The gaff happened because I doubt if Cameron is invested in following Aston Villa with the passion of a true football fan. 'Aston Villa' is just the convenient tag that he can scrawl in that blank box whenever he has to answer the 'Favourite football team' question on his regular Q&As with the readers of Heat magazine.
Yet one question remains. Why the hell did he pick Aston Villa?
I can't get over the feeling that it's just a shrewd political calculation. If I were a politician who was particularly prone to taking the popular angle and always wanting to be seen on the side of the majority, who would I claim to support?
According to a recent Guardian article, the biggest three teams in the UK are Liverpool (15.21%), Arsenal (15.03%) and Manchester United (14.6%). However, at least two of those teams are great rivals. To support United or Liverpool would stain your character for supporters of the rival team. You might gain respect in the eyes of one 15% but you'd lost it in the eyes of another 15%. Chelsea, Tottenham, and Arsenal all have strong rivalries, as do teams such as Everton, Manchester City, and Leeds.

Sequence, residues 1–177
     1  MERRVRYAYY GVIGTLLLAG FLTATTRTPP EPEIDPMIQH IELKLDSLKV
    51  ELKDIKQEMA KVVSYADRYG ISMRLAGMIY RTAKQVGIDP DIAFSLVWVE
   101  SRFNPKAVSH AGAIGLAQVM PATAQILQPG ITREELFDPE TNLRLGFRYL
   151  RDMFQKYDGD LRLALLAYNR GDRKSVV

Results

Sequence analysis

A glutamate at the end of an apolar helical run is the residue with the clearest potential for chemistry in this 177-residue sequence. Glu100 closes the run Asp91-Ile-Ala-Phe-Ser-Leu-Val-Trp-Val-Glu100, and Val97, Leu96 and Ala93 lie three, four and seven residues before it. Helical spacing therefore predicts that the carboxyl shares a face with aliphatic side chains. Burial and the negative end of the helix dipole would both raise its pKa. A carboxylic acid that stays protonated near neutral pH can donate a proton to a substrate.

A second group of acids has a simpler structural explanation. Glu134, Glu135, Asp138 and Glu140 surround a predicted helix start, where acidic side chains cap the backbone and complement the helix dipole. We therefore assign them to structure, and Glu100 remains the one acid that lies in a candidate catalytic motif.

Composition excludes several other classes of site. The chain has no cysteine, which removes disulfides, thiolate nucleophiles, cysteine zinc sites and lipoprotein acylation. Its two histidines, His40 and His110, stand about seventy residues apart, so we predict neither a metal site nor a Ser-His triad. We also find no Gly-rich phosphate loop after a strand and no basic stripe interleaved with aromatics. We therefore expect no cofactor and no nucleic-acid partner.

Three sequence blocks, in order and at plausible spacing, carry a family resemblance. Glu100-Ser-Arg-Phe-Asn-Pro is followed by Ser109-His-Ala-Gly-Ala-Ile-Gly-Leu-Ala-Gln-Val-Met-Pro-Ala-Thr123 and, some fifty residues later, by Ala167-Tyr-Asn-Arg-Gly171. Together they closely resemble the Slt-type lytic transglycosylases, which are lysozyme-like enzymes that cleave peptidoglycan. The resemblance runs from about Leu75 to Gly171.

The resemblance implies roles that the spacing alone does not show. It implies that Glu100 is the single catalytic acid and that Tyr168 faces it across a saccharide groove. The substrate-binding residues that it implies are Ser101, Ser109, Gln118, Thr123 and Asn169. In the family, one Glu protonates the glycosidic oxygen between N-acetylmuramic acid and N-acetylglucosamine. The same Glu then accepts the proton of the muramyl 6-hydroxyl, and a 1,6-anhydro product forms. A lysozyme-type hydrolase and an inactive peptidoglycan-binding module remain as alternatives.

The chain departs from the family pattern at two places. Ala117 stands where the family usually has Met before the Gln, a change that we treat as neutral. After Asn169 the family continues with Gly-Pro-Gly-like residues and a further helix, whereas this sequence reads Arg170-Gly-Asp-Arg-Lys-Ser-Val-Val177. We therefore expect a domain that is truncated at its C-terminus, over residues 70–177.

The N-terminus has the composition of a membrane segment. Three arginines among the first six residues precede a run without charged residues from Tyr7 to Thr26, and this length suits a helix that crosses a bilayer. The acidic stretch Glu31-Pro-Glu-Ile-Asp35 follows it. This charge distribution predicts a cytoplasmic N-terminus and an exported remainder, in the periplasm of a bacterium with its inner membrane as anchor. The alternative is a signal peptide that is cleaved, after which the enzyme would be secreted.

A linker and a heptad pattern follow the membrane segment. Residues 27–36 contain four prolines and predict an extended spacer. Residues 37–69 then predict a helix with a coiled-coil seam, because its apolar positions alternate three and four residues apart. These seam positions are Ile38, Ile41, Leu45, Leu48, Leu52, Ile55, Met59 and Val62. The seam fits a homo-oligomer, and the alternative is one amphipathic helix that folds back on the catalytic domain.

I suspect that a wily politician would choose a team that's well known but not so successful that it has bred much resentment. Does Aston Villa fit that profile? It has the fifth highest in terms of major honours among English clubs but hasn't won the top division since the 1980-81 season. Is it vanilla enough to be the team that breeds the most apathy in the league? I suspect it might. Choosing Aston Villa means that Cameron is only alienating the supporters of West Brom and Birmingham City in a heavily Labour supporting part of the country. Hostility towards Aston Villa doesn't reach across the country in the same way as you find deep resentments about other major teams. In political terms, it's as neutral a choice as it's possible to find in the top division. The votes he would potentially lose are votes which would probably be Labour in the first place.
Well, that's my theory. I have no way of knowing if it's real or not. I just expect the Tory party's media unit to now go into overdrive to prove that Cameron is a true Aston Villa fan. Expect to see the buttock tattoo before the end of the campaign. In the case of any other politician, I would have written that line thinking it a good joke to end. In Cameron's case, I'm not so sure it's a joke.